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This article was published on February 18, 2008


    LinkBlip makes your digital life easier by tracking links

    LinkBlip makes your digital life easier by tracking links
    Ernst-Jan Pfauth
    Story by

    Ernst-Jan Pfauth

    Ernst-Jan Pfauth is the former Editor in Chief of Internet at NRC Handelsblad, as well as an acclaimed technology author and columnist. He a Ernst-Jan Pfauth is the former Editor in Chief of Internet at NRC Handelsblad, as well as an acclaimed technology author and columnist. He also served as The Next Web’s blog’s first blogger and Editor in Chief, back in 2008. At De Correspondent, Ernst-Jan serves as publisher, fostering the expansion of the platform.

    A 25-year old web developer from Seattle just made my life as a blogger somewhat easier. On a daily basis I send out approximately ten emails with questions, meant for CEO’s, fellow bloggers and entrepreneurs, you name it. Because they’re all suffering from the information overload, some emails might be left unanswered. There’s of course the build-in read notification, yet it’s generally experienced as annoying and it creates a weird feeling of obligation. Now this guy from Seattle, Matthew Inman, created a service that makes it possible to monitor links I’ve send out.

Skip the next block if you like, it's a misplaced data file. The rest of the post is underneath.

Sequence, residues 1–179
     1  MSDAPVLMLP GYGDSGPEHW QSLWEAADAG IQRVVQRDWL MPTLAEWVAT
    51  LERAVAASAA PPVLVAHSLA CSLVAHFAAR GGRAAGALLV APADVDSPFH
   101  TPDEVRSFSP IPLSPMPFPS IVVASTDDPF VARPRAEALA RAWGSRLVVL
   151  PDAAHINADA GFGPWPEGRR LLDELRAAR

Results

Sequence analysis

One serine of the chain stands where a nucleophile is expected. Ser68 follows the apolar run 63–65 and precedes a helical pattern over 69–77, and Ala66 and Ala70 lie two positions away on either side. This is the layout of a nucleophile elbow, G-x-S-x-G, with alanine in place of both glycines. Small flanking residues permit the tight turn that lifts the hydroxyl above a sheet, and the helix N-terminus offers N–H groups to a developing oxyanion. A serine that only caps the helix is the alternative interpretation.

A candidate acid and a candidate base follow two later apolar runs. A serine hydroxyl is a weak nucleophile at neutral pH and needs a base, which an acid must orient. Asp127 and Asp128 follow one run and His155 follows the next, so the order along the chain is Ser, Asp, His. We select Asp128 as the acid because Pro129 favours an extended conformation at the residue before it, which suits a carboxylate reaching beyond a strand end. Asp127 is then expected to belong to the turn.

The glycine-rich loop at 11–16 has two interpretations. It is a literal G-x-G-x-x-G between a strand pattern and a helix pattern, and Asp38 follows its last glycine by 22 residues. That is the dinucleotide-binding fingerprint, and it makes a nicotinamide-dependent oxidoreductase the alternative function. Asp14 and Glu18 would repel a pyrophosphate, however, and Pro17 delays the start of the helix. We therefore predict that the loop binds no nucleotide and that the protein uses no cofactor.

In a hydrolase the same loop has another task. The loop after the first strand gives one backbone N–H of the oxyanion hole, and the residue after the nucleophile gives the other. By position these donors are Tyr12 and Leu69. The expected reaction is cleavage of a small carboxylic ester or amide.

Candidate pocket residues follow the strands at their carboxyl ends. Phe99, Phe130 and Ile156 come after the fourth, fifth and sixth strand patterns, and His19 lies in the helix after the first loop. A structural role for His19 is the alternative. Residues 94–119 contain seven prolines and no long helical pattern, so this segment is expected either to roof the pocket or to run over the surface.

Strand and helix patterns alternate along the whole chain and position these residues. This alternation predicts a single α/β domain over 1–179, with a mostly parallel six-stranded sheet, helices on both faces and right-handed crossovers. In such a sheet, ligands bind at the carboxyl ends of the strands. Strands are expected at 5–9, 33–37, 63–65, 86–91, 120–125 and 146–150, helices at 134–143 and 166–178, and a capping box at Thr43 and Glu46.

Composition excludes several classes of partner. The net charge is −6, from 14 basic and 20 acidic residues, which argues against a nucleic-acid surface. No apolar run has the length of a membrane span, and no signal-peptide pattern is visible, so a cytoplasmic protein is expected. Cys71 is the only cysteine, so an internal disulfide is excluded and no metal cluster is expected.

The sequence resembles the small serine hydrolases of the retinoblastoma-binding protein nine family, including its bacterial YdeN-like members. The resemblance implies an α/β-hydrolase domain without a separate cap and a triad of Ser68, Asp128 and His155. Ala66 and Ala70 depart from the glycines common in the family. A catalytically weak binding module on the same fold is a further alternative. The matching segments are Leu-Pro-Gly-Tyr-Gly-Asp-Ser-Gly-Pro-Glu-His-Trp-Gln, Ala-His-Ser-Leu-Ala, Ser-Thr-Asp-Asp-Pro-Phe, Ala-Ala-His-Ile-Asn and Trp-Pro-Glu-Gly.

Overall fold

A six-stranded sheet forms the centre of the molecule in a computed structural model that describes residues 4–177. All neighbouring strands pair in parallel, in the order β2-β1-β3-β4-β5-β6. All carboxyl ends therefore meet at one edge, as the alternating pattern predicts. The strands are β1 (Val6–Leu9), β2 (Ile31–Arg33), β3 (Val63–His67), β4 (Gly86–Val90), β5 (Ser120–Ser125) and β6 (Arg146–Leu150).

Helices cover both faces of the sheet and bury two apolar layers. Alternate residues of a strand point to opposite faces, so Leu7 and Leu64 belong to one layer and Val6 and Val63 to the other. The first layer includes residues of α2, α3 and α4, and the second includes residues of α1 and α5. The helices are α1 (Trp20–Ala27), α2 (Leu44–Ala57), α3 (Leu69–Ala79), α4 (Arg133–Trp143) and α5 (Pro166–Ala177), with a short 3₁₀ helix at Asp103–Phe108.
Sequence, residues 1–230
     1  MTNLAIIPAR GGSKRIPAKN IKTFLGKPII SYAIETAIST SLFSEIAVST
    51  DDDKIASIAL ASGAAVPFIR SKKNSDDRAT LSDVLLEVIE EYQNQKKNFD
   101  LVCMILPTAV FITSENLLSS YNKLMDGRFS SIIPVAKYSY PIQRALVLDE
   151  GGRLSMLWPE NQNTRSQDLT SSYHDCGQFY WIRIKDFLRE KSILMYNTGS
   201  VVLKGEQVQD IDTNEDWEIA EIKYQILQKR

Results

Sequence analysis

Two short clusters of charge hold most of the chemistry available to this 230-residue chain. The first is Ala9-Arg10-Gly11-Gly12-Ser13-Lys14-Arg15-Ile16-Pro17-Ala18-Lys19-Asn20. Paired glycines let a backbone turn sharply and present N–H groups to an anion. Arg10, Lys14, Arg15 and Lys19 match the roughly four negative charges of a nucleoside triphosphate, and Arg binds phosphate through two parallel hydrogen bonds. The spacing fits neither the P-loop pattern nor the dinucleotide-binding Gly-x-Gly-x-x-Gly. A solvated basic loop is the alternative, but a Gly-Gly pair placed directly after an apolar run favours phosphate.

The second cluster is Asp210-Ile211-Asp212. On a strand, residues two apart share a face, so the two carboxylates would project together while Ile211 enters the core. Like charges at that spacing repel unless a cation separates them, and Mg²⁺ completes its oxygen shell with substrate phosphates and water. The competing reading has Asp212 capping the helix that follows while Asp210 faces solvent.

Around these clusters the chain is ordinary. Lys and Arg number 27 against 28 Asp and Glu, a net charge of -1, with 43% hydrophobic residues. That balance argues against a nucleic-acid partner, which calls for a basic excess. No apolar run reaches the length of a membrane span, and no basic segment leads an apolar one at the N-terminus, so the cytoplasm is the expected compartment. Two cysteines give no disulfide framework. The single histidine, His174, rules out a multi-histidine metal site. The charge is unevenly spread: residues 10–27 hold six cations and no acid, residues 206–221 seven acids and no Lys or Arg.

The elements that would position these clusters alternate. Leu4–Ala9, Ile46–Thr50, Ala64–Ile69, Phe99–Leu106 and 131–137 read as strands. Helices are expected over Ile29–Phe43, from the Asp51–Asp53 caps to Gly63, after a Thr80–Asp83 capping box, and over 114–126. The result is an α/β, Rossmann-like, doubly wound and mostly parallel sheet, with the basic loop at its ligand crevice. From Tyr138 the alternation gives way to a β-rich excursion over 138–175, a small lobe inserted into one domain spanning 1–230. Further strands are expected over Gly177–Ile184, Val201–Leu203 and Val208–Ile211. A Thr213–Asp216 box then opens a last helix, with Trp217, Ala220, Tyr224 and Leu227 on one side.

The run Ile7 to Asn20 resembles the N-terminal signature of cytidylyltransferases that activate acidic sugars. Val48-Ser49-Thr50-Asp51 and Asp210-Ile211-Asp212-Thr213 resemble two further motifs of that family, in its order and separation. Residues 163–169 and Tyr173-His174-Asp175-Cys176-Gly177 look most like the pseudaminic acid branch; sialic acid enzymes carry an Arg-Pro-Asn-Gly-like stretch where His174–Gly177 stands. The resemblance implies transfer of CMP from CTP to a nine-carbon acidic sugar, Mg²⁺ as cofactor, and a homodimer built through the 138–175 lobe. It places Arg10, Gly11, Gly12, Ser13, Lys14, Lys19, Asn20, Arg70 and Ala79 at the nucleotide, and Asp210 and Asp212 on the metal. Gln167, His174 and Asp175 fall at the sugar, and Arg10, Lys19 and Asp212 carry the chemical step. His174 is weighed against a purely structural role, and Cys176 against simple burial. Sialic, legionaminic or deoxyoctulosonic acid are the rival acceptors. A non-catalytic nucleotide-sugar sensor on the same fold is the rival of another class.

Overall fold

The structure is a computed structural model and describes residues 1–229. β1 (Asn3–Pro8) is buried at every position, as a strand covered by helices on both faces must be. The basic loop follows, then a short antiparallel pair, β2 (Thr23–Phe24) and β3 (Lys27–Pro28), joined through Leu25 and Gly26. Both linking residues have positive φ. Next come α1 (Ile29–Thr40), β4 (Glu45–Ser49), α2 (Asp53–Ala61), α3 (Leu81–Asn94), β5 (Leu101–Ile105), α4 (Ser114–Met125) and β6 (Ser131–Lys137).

In just six hours he built LinkBlip, a service that generates a trackable link. Just copy/paste it in your email and you’ll receive an email when the recipient has clicked on it. Now you at least know whether the unanswered email was seen by the recipient or not. Moreover, you know where he or she is based. It looks something like this:

    linkblip

    There’s one downside to this service. The evil-minded now have a new way to bully someone with a enormous load of emails. All they have to do is submit the email addresses of potential victim and then post it on Twitter or something like that. Maybe Matthew will sacrifice one more hour of his spare time to build some sort of security measurement.

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